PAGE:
Problems highlighted by The Guardian that have led to the country’s current state include digital noma4ds, golden visas and Airbnbs.
The real estate market has been distorted and has become “unrecognizable” in a country where the minimum monthly wage is €760 and where 50% of people earn less than €1,000 a month. Digital nomads, golden visas and Airbnbs are among the problems that have led to the country’s current state.
This is what the British newspaper The Guardian says, in an article attacking António Costa’s government for its attempts to attract foreign investment but thereby distort the Portuguese real estate market. This Monday, this is one of the 10 most read articles in the British newspaper.
According to The Guardian, the UN warned six years ago that “rampant touristification” would undermine the right to housing of the most vulnerable Portuguese and predicted that the degradation of housing and living conditions would lead to the emergence of “new poor”.
“The situation is crazy,” said Agustín Cocola-Gant, a researcher at the Institute of Geography and Spatial Planning at the University of Lisbon, describing the impact of the wage gap as across the board. “It affects everyone now – not just the vulnerable population.”
Activist and researcher Rita Silva says in the article that the crisis is only serving to increase existing inequalities. “Doctors are not coming to the big cities, where they are much needed, because they can’t afford housing,” she said.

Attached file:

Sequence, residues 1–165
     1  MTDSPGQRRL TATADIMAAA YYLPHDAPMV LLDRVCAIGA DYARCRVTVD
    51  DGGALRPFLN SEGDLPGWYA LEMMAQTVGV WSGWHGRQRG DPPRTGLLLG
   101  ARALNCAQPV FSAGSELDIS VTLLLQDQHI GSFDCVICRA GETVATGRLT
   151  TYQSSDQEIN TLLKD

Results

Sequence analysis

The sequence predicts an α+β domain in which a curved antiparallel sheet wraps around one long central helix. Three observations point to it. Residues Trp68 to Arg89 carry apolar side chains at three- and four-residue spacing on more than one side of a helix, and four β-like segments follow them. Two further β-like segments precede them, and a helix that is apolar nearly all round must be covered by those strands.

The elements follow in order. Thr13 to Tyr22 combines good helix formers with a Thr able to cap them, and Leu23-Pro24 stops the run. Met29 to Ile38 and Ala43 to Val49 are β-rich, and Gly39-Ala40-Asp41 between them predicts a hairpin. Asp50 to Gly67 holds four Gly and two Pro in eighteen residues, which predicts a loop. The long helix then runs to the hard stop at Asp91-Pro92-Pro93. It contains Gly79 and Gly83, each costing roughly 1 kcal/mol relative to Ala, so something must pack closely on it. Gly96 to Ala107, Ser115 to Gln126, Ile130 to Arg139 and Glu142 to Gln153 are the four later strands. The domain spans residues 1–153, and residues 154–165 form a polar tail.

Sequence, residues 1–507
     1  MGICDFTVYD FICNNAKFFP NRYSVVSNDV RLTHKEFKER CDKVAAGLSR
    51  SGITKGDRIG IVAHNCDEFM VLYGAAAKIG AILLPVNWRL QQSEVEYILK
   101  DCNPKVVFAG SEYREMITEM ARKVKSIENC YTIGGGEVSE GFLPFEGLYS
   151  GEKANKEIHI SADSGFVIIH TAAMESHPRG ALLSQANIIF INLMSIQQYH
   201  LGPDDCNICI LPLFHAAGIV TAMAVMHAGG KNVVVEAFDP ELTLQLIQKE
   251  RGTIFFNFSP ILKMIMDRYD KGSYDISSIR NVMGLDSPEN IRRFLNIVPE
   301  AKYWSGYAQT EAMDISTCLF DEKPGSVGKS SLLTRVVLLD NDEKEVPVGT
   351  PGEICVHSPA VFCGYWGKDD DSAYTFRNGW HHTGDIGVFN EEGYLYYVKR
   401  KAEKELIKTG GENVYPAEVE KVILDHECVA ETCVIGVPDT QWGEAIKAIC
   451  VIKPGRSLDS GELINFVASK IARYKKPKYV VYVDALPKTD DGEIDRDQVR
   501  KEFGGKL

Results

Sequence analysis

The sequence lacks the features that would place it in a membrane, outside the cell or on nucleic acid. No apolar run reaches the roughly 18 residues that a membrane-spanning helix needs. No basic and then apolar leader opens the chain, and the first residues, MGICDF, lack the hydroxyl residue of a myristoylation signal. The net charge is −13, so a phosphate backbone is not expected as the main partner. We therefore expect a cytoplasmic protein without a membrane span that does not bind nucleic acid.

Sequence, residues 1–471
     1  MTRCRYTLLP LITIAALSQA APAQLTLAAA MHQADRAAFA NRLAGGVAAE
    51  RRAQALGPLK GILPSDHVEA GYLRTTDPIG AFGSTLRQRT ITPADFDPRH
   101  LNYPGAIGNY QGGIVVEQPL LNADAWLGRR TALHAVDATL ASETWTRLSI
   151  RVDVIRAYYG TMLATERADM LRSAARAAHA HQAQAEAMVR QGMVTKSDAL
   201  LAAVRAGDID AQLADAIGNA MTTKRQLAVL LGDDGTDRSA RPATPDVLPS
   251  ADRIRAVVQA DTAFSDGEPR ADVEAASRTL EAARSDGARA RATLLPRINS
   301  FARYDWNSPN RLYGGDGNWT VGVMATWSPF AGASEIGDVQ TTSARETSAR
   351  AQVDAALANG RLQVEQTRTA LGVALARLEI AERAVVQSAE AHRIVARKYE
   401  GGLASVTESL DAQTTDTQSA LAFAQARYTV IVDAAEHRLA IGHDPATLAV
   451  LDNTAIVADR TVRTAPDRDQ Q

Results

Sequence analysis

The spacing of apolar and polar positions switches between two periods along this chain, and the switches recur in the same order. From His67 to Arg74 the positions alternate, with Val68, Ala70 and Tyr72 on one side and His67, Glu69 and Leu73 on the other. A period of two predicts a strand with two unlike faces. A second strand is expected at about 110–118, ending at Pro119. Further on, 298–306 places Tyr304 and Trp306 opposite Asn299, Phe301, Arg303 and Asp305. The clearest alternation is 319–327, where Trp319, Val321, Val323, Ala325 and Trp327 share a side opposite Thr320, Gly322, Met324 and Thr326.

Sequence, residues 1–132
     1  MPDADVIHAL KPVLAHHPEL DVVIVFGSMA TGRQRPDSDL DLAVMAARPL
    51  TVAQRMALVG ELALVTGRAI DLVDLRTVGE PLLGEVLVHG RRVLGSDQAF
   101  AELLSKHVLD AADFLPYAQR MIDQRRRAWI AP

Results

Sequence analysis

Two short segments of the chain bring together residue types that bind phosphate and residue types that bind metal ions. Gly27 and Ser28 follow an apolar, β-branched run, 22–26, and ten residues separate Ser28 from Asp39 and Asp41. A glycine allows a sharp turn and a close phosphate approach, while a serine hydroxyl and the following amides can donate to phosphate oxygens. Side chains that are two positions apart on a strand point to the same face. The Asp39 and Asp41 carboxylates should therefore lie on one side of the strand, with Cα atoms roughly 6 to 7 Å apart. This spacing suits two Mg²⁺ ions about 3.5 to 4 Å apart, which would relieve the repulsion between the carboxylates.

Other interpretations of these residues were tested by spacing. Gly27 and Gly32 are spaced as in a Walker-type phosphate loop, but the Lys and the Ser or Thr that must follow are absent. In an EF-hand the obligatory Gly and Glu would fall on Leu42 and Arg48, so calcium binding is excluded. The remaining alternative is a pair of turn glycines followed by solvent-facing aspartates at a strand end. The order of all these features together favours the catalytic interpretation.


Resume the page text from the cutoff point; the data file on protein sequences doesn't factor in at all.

“The market has become decontextualized in that it is no longer geared towards those who live and work in Portugal. It is a market that, through government policies, is geared towards foreign investment.”
The two researchers tell the English newspaper that the rush to get Portugal out of the financial crisis and onto the global investment map has led directly to the current situation.
Digital nomads are part of the problem. These are foreigners who work remotely and can get visas in Portugal if they meet the requirements, including monthly earnings of more than €3,040. According to Nomad List, there are currently around 15,200 digital nomads in Lisbon.
“They are a privileged population that takes advantage of this global inequality and basically come here to gentrify and put more pressure on the real estate market,” Cocola-Gant said.